Researchers at University College London (UCL) have discovered new immunotherapy to fight against the hepatitis B virus (HBV), which is the most common cause of liver cancer
Every year, chronic hepatitis B causes around 880,000 deaths from liver cirrhosis and hepatocellular carcinoma/liver cancer (HCC).
The novel study used immune cells isolated directly from patients’ liver and tumor tissue in order to demonstrate that targeting acyl-CoA: cholesterol acyltransferase (ACAT), an enzyme that aids the management of cholesterol levels in the cells, was ‘highly effective at boosting immune responses.
The findings, published in Nature Communications, indicate that blocking the ACAT with ACAT inhibitors enhances the specific immune cells that can fight against both the virus and related cancerous tumors, exhibiting its efficiency as immunotherapy.
The team found that inhibiting ACAT also obstructed HBV’s own replication, thus also working as a direct antiviral. When taken orally, ACAT inhibitors, like avasimibe, have formerly demonstrated good potential as cholesterol-lowering drugs in humans.
The lead author, professor Mala Maini, of the UCL Division of Infection and Immunity, commented: “Chronic hepatitis B virus infection is a major global health problem and the most common cause of liver cancer in the world.
“The development of novel therapeutic options is crucial to improve patient care. Immune cells such as T cells are indispensable for fighting viruses and tumors but are often highly dysfunctional and fail to control these diseases. The current standard of care treatments are often incapable of eliminating the virus, do not prevent cancer development, and do not rescue immune cells.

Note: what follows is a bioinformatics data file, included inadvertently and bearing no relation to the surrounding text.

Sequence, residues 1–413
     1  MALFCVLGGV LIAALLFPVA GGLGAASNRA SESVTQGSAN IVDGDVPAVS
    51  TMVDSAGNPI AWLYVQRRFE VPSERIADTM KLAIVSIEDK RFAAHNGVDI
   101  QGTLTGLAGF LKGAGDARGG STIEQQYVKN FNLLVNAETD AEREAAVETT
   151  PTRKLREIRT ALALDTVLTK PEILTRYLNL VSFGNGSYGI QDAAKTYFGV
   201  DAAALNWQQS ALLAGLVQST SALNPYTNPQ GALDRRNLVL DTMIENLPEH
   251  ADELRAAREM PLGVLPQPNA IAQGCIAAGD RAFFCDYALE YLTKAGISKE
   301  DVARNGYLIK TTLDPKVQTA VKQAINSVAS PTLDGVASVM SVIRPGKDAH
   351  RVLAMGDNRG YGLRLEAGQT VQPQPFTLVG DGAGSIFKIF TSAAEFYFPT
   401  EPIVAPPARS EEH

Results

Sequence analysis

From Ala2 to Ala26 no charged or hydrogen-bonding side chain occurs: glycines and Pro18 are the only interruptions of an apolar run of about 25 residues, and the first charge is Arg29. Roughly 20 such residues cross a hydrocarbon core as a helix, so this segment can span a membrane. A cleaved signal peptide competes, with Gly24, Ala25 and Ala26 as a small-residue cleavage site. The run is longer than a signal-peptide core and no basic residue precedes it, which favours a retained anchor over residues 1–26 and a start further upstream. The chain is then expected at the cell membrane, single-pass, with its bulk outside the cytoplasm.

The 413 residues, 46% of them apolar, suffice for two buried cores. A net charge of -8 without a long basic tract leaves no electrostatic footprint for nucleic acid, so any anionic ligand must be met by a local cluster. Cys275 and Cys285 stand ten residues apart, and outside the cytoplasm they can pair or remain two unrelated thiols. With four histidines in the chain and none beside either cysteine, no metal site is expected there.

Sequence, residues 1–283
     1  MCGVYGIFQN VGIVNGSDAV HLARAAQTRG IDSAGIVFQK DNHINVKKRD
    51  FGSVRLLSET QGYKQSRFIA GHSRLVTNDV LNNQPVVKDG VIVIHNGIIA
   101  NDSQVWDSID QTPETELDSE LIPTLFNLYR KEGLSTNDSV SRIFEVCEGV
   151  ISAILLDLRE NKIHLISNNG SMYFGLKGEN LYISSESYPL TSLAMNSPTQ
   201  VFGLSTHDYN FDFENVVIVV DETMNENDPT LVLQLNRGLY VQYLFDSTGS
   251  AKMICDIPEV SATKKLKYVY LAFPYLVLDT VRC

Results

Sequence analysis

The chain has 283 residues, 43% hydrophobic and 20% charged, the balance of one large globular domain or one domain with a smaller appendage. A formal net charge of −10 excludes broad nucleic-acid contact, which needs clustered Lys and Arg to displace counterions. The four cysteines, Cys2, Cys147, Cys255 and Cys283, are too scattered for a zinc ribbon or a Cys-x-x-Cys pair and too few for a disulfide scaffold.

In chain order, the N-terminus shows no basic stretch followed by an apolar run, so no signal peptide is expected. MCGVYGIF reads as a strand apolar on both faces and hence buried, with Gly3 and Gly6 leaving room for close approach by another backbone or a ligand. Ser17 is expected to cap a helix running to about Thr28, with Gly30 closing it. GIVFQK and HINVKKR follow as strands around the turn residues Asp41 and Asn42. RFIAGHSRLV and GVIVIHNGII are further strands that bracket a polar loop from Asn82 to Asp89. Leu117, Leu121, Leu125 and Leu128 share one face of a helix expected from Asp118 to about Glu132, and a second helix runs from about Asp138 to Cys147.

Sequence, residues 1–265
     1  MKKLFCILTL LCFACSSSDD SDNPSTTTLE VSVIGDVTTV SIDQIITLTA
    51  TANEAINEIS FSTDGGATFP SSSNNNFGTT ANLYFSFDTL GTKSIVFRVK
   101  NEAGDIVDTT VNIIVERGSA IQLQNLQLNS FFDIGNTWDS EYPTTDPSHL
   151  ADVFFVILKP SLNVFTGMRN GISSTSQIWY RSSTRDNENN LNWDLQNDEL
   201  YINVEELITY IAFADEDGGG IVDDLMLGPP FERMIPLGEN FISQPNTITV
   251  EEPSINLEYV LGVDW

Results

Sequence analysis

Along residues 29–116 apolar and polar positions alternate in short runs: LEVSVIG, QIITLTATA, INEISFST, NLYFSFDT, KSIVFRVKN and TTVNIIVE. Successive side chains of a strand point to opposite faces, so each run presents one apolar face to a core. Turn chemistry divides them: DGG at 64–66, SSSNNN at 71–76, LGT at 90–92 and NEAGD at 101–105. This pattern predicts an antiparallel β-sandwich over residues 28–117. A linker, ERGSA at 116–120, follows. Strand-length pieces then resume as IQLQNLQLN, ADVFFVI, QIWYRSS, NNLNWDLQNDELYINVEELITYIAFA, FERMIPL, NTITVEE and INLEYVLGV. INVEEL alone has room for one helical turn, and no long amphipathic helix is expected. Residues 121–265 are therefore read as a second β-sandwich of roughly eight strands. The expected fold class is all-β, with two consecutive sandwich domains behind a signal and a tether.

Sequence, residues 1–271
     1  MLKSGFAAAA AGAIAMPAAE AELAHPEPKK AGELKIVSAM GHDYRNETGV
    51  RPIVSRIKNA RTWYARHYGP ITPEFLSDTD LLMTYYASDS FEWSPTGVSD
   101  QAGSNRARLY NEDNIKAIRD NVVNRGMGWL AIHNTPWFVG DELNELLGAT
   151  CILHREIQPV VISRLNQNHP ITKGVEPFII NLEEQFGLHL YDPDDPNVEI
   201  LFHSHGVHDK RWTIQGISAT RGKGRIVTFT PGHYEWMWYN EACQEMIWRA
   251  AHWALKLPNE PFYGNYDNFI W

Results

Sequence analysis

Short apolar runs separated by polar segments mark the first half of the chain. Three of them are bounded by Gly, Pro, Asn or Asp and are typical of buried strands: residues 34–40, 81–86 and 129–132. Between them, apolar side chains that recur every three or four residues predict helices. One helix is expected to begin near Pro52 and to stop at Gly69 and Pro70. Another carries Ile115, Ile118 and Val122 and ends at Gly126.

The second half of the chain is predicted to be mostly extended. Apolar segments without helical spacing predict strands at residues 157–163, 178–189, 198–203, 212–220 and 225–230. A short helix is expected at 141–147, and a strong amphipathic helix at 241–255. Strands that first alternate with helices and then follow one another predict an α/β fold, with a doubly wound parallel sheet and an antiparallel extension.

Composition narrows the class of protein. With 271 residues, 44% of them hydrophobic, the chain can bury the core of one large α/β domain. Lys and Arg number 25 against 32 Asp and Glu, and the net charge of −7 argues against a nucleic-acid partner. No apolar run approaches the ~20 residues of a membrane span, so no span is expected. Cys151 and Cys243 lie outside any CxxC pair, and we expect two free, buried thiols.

“In this study, we aimed to identify a treatment target to directly inhibit the virus while also boosting the immune cells fighting it.”
Cholesterol is a fat that we consume every day in our diets and can exercise many functions within various cells of the body. HBV infects the liver, which is highly enriched in cholesterol and is known for restricting local immune responses.
During the study, the team used human liver disease tissue samples in vitro and demonstrated that ACAT inhibitors enhanced human antiviral T cells proficient at eliminating the virus. This response differentiates with currently available therapies.
The immune-boosting effect was particularly remarkable in T cells located in the HBV-infected liver and within liver cancer, surmounting the local restraints on immune cell function, permitting the T cells to target both the virus and cancerous cells.
The group then worked alongside Professor Jane McKeating’s lab at the University of Oxford to highlight that ACAT inhibitors may possibly block the HBV life cycle in a manner that other antivirals cannot. Therefore, these drugs have a distinctive combination of antiviral and immunotherapeutic effects.
The first author, Dr. Nathalie Schmidt, also of the UCL Division of Infection and Immunity, explained: “We have found a highly effective novel target for the treatment of chronic hepatitis B virus infection and liver cancer.
“Modulating cholesterol metabolism with ACAT inhibitors has the unique features of directly targeting the virus and tumors while at the same time boosting the T cells that fight them. This enables us to tackle the disease from multiple directions at the same time.”
Dr. Schmidt added: “The cholesterol-modifying drug is already known to be safe in humans and we hope that our study now informs the development of clinical trials combining cholesterol modulation with other immunotherapies. In summary, our findings offer exciting new possibilities for the treatment of patients with chronic viral infections and cancer.”